- Radiation therapy: Ten to fifteen treatment sessions deliver a high dose of radiation to the tumor and a small surrounding skin area. This form of treatment is useful in those who are not candidates for any surgical procedure. The advantage of radiation therapy is that there is no cutting involved. The disadvantages of this expensive alternative are that the treated area cannot be tested to be sure the whole tumor is gone and radiation scars look worse over time. It is for this reason it is usually reserved for elderly patients.
- Other types of treatments for skin cancers include cryosurgery where tissue is destroyed by freezing, photodynamic therapy (PDT) in which medication and blue light is used to destroy the cancerous tissue, laser surgery to vaporize (ablate) the skin's top layer and destroy lesions, and oral medications vismodegib (Erivedge) and sonidegib (Odomzo).
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What kinds of doctors treat skin cancer?
The main type of doctor who will treat skin cancer is a dermatologist. Your primary care physician or internist may first notice a sign of skin cancer, but will refer you to a dermatologist for further testing and treatment. You may also see an oncologist, which is a cancer specialist.
If you have surgical removal of a tumor, depending on how much skin is removed, you may see a plastic or reconstructive surgeon after the tumor removal to help restore the appearance of the skin, especially on the face.
What is the prognosis
and survival rate for skin cancer?
The prognosis for nonmelanoma skin cancer is generally excellent. Both basal cell carcinoma and squamous cell carcinoma are highly curable. There are virtually no deaths from basal cell carcinoma and only rare deaths with squamous cell carcinoma skin cancers, mostly in immunosuppressed individuals. Depending on the method of treatment and the location and type of skin cancer, the likelihood of a recurrence of a previously treated skin cancer is as low as 1% to 2% for Mohs surgery and up to 10% to 15% for destruction by electrodessication and curettage.
Early detection of skin cancers can lead to better outcomes. Know your skin and if you have any moles or spots that are suspect, see a dermatologist for a skin cancer screening. Awareness is key in identifying and treating skin cancers early.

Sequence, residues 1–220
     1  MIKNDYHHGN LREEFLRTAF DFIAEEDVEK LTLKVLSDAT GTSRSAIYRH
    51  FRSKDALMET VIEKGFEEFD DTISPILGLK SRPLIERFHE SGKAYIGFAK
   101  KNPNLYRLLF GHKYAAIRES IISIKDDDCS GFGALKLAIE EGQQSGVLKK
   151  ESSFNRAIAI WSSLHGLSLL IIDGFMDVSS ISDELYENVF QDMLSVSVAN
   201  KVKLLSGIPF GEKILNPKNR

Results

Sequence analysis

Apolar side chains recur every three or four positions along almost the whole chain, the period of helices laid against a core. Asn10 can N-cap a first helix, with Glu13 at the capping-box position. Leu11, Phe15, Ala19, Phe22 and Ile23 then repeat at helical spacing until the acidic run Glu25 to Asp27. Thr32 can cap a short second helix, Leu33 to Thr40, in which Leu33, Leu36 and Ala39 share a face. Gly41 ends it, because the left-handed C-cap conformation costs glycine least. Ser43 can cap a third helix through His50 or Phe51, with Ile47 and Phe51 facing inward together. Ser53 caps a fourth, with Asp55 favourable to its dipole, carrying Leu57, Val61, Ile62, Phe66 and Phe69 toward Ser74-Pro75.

Is it possible to prevent skin cancer?
Many skin cancers can be prevented by avoiding triggers that cause tumors to develop. Prevention strategies include protection from the sun by the use of sunscreens, protective clothing, and avoidance of the sun during the peak hours of 9 a.m. to 3 p.m. Parents should ensure children are protected from the sun. Do not use tanning beds, which are a major cause of excess ultraviolet light exposure and a significant risk factor for skin cancer. The American Academy of Dermatology (AAD) has noted a dramatic rise in the numbers and cost of skin cancer. Furthermore, there has been an increase in the total number of skin cancers and that new breakthrough treatments for melanoma, although expensive, comprise only a small portion of the total cost of skin cancer treatment. Most skin cancers are treated cost efficiently by dermatologists in an office setting.
Sunscreen use and vitamin D
A major source of vitamin D comes from sunlight exposure, which leads to the production of the vitamin in the skin. Some argue sunscreens block out so much of the sun's rays that inadequate vitamin D synthesis results. In fact, very few people actually apply sunscreen to every inch of their exposed skin, so vitamin D synthesis does occur. There is no reason not to use sunscreens because of a fear of low vitamin D. If there is a concern, vitamin D can be obtained by eating leafy vegetables or taking an oral multivitamin supplement.
Quick GuideSkin Cancer Symptoms, Types, Images
Medically Reviewed on 1/25/2018
Alam, Murad, et al. "Guidelines of Care for the Management of Cutaneous Squamous Cell Carcinoma." J Am Acad Dermatol 2017: 1-18.
American Society of Clinical Oncology. "Skin Cancer (Non-Melanoma): Symptoms and Signs." June 2015.
Kauvar, Arielle N.B., et al. "Consensus for Nonmelanoma Skin Cancer Treatment: Basal Cell Carcinoma, Including a Cost Analysis of Treatment Methods." Dermatol Surg 41 (2015): 550-571.
Bichakjian, Christopher, et al. "Guidelines of Care for the Management of Basal Cell Carcinoma." J Am Acad Dermatol 2017: 1-19.
Rogers, Howard W., Martin A. Weinstock, Steven R. Feldman, and Brett M. ColdIron. "Incidence Estimate of Nonmelanoma Skin Cancer (Keratinocyte Carcinomas) in the US Population, 2012." JAMA Dermatol 151.10 (2015): 1081-1086.
Skin Cancer Foundation. "Actinic Keratoses (AK)." 2016.
Skin Cancer Foundation. "Basal Cell Carcinoma Treatment Options." 2016.
Skin Cancer Foundation. "Do You Know Your ABCDEs?" 2016.